Van Jones slams Donald Trump as a 'pathological liar with a Twitter addiction'

Van Jones emerged as a star last November when he said that Donald Trump's election was a result of a "whitelash." Now the CNN political commentator is hosting a series of town hall meetings across the nation that he describes as "Anthony Bourdain meets Phil Donahue."

Jones spoke with Variety about what to expect from the next four years, why Hillary Clinton lost, and what the Democrats need to do differently.

How has your life changed since the election?
For a lot of people, especially liberals and progressives, election night was a traumatic shock, like when JFK was shot or the Twin Towers fell. It was a huge media moment. And for a lot of them, I was their guy on CNN that night. For several days, I didn't have to pay for anything. I would walk into a store or sit down at a restaurant or get in a cab, and the workers wouldn't charge me, to say "thank you."

JAKE CHESSUM for Variety

Why are people so traumatized?
You're taught your whole life not to be a bully, and this time a bully won. It upsets your whole view when someone like that wins.

What are your biggest concerns for the next four years?
Those of us who know and love our Muslim-American communities are very concerned about them being targeted and singled out. Women's rights are now in jeopardy. I think black voters and black protesters have reason to be concerned. And the list goes on. In terms of the overseas situation, this guy, for reasons that are hard to understand, has taken it upon himself to destroy NATO, which our grandparents and great-grandparents had built up to protect the Western democracies from a Russian dictatorship.

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Why did Hillary Clinton's campaign fail?
Hillary's campaign failed to connect. But her campaign didn't come out of nowhere. There's a level of coastal snobbery toward the red states and the red counties of blue states that allowed the phrase "basket of deplorables" to survive vetting and come out of the mouth of a presidential candidate.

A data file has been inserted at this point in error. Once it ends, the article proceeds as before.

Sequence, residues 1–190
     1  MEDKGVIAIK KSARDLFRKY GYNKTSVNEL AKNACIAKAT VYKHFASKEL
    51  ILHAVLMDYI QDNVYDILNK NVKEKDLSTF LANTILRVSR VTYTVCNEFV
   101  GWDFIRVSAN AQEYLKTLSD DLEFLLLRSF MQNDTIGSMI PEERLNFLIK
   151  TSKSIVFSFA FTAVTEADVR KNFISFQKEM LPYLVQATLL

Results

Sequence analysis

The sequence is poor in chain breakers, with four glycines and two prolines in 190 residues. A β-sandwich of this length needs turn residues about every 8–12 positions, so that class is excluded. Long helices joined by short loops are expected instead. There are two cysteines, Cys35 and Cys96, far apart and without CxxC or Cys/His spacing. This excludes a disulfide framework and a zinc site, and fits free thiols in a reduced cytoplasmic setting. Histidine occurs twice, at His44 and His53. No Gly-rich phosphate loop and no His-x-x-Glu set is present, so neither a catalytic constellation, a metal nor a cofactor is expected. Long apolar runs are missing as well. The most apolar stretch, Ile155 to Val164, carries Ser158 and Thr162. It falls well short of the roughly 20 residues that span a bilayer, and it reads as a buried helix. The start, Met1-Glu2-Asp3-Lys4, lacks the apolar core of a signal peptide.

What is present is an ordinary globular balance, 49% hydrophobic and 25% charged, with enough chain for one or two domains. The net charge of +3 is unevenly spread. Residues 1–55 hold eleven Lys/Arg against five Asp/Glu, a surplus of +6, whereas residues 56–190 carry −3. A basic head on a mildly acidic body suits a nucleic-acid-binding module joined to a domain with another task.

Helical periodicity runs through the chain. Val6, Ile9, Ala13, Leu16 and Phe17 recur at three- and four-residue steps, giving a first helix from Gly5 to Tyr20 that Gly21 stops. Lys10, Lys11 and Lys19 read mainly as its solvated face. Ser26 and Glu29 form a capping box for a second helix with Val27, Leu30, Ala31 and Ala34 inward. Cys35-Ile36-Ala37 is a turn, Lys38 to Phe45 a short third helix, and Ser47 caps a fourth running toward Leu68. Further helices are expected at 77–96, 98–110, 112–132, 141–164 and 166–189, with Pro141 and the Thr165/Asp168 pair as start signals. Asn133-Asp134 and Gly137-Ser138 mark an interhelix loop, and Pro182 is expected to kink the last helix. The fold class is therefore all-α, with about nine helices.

You recently said on television that the Clinton era is over, a statement that upset some Democrats.
The sky is blue. Water is wet. And the Clinton era is over. These are not controversial statements. That style of politics that is so transactional and cynical is not going to work with the millennial generation. Do you think in four years that the Democratic Party that is more dominated by millennials and people of color would want to support a Clinton-style candidate as opposed to a Sanders-style candidate? I don't think it's worth arguing about.

"This thing should not have been close."

Van Jones

Are you saying that Sanders would have beaten Trump?
Not necessarily. Some business moderates who voted for Clinton would have been very nervous about Sanders. Plus, if you had Trump vs. Sanders, you probably would have had Bloomberg jump in. You would have had a different scenario.

What do Democrats need to do?
The Democrats are not going to get any better until we deal with our own problems. This thing should not have been close. We can't just talk about fake news and the Russians. I talked face to face with voters who voted for Obama and then voted for Trump. I talked to voters in Detroit who got no help from the Clinton campaign trying to turn out black voters. Everybody knows that Clinton should have blown this guy out of the water, and she didn't, because the campaign was run by a bunch of elite data-dummy snobs who thought they knew better than the grassroots people who were screaming the whole time.

Do you think Trump should be tweeting so much?
I think he's jeopardizing the majesty of the office by the way he's conducting himself. Every time a new form of media rises, you should have advantage of it: FDR with radio, JFK with television, Obama with the internet and viral videos, and now you have Trump with social media. We'll see if America can survive a president who is a pathological liar with a Twitter addiction.

Did you see his response to Meryl Streep's speech at the Golden Globes?
If you're the president of the United States and you're more angry with Meryl Streep than with a Russian dictator trying to subvert American democracy, there's something definitely wrong with you.

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